Bedrooms might not experience as much foot traffic as living rooms, kitchens, and dining rooms, but they’re important features of any home. People care about the space in which they sleep, unwind, and wake up each morning. A bedroom’s aesthetic should match the tone of this intimate and tranquil space. You don’t want to overburden your senses with bright, harsh hues, or feel trapped in a pitch-black box. But which paint colors are best for a master bedroom or guest room? There’s no one answer, but here are some tips for choosing the right colors for your bedrooms.
Some bedrooms are large and open while others are small and cozy. You might not have much of a choice over how big or small your room is, but a painter can make the space feel bigger or smaller using color. Lighter paint colors reflect light, enlarging a room’s appearance. Conversely, darker colors absorb more light, effectively shrinking a room.
Obviously, the actual space doesn’t grow or diminish. Light and color are all about perception, or the way our brains interpret what we see. If you feel like your room is too spacious and want to make it more intimate, consider implementing darker pigments, like smoky blue or arugula green. Or, if you want to expand the look of your tiny bedroom, lighten up the space with colors like natural linen or jersey cream. Just keep in mind that if you’re going over an existing darker shade with a lighter color, you’ll want to use colored primer and/or apply an extra coat when interior painting.
Choosing residential painting colors is largely an aesthetic endeavor. But the colors you choose for your home are also functional, affecting your mood, heart rate, and thought process. We might not notice it all the time, but when we see gaudy, bright, or off-putting colors, our psychology shifts to high alert. This isn’t to say that all intense colors are inherently bad. Rather, these hues elicit a certain response that might increase our alertness and energy, for better or worse.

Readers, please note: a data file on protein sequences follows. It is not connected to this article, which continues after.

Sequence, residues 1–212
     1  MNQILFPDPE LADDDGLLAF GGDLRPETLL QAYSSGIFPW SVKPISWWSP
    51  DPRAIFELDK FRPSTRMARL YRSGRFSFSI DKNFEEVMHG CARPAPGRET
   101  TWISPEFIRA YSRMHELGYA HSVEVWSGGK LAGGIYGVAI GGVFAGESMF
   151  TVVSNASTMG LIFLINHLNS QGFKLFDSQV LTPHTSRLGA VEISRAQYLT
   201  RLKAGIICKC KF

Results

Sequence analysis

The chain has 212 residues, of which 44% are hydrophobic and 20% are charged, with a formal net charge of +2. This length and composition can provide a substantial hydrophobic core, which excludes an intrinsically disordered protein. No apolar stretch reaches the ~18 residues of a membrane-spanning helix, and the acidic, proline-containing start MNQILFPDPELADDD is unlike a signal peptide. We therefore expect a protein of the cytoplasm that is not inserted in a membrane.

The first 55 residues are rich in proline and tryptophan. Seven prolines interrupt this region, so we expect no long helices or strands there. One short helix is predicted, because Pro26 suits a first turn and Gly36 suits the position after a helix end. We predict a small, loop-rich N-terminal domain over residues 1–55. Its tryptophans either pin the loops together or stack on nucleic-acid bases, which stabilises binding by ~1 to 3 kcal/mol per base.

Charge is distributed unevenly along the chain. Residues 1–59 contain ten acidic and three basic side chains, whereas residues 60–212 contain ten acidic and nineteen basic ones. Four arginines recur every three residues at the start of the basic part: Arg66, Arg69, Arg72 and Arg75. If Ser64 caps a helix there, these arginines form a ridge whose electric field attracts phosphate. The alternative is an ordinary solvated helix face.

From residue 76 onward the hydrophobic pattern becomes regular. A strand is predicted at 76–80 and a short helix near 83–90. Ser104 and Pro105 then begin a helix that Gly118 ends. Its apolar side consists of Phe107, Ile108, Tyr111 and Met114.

Generally speaking, most people want to feel relaxed in their bedroom as they unwind and go to bed. This means, then, that the best colors for this space are less saturated, softer, and perhaps neutral. Of course, people don’t just fall asleep in their rooms; they also wake up. In other words, some brighter tones might be incorporated to encourage getting out of bed in the morning. You might hire professional painters to paint your room two or three colors to add some variety and create a balanced color scheme.
Many of us go to sleep when it gets dark and awaken with the sunrise. If your bedroom receives natural light, you can choose colors that, in a sense, sleep and wake up with this pattern, too. For example, some colors, like grays, lavenders, and greens, may appear darker and more tranquil in spaces lacking light, but brighten up with the presence of light. If you want your room to transform from a sleepy oasis to a welcoming wake up call, choose colors that shift with this cycle. The sheen you choose for your paint will affect this transition as well.
Knowing exactly how different colors and light configurations will affect your perception of your bedroom requires experience and a bit of trial and error. If you’re new to home painting or simply need help choosing paint colors for your master and guest bedrooms, ask the experts at All American Painting Plus. To learn more about all that we do, give us a call at (703)-620-5563!